Didactics: The CBT rotation provides didactics and educational opportunities to interns through several different activities. First, the DBT consultation team meeting serves as an educational opportunity through interactions with faculty and post-doctoral level DBT therapists. One hour of each weekly two-hour meeting is devoted to didactic training. Second, during the first month of training, interns will participate in intensive seminars on issues related to starting the clinical internship, including assessing and managing suicidal behavior, assessing and intervening on substance use in the treatment setting, and DBT skills/theoretical principles. Third, all CBT interns will have individual supervision that may include reviewing therapy tapes, live supervision (e.g., “bug-in-the-eye”), co-leading groups with supervisors, and assigned readings. Fourth, interns will participate in several half-day workshops in empirically validated treatments for specific populations, such as interventions for adult ADHD and Motivational Interviewing, provided by Duke faculty members.
Interns have multiple supervisors who will work with them continuously throughout the year, allowing for more- in-depth supervisory relationships and the development of longer-term goals for clinical development.
Professional Development: There are two primary ways that we help nurture interns during the transition from graduate school to life as a clinical psychologist. Early in the internship year, CBT interns choose a CBT faculty mentor for ongoing mentoring throughout the year about issues relevant to their professional growth (e.g., getting a post-doc or faculty position, balancing one's life with career aspirations, etc.). Throughout the year there are monthly scheduled professional development meetings for all CBT interns with CBT faculty and other colleagues. Over the past 10 years we have continually focused on cultivating and enhancing a supportive atmosphere that equally blends service with learning and professional growth. We care about professional development and work carefully to tailor personalized goals that are attainable.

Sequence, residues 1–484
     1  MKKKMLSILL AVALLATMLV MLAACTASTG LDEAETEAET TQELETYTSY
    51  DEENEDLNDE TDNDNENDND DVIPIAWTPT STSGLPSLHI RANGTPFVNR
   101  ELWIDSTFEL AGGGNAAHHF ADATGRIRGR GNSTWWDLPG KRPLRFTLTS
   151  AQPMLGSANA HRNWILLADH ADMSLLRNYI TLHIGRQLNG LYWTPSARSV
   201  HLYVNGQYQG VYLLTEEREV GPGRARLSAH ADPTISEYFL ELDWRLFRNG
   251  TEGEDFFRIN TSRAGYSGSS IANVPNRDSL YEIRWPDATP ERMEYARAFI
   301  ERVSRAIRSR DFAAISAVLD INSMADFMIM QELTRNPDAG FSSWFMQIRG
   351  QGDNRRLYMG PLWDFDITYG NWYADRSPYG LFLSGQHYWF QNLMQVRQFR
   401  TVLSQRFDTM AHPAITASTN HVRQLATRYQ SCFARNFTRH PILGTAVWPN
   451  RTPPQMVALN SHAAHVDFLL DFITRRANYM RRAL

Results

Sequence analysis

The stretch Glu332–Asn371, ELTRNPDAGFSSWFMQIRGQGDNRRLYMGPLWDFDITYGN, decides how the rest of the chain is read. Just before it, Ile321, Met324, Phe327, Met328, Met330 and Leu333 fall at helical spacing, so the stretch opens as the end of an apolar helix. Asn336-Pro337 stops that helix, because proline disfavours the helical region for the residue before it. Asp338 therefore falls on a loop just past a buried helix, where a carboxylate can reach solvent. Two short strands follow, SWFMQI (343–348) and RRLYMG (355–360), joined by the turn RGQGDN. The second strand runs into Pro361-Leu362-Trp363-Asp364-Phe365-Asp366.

Research Opportunities: CBT interns have 4 hours of weekly protected research time, during which they can choose to work on their dissertation or any other research projects, including studies and manuscripts with CBT faculty. Although research is not a requirement of the rotation, interested interns are encouraged early in the year to explore research options with faculty members. There are many ways to be involved with CBT faculty research projects while on internship. Dr. Rosenthal is currently running treatment studies and lab-based experiments. He is the PI on NIDA and NIMH sponsored grants investigating the use of portable reminders of learning (using mobile phones) as adjunctive interventions, and DoD sponsored research on the use of computer-based interventions for veterans with PTSD and addiction. Additionally, he has various research projects investigating emotional sensitivity and regulation in borderline personality disorder, with a special emphasis on the use of novel technologies (e.g., immersive virtual environments) in laboratory studies of emotion and psychopathology. Dr. Smoski conducts NIH-funded studies of emotion regulation and reward processing in depression, including studies of depression in late life. Via collaborations with Duke Integrative Medicine, Dr. Smoski is involved in ongoing studies of mindfulness. If interns would like to be involved in research on eating disorders, there is the opportunity to participate in a weekly research meeting to explore ways to collaborate with Dr. Zucker’s research projects.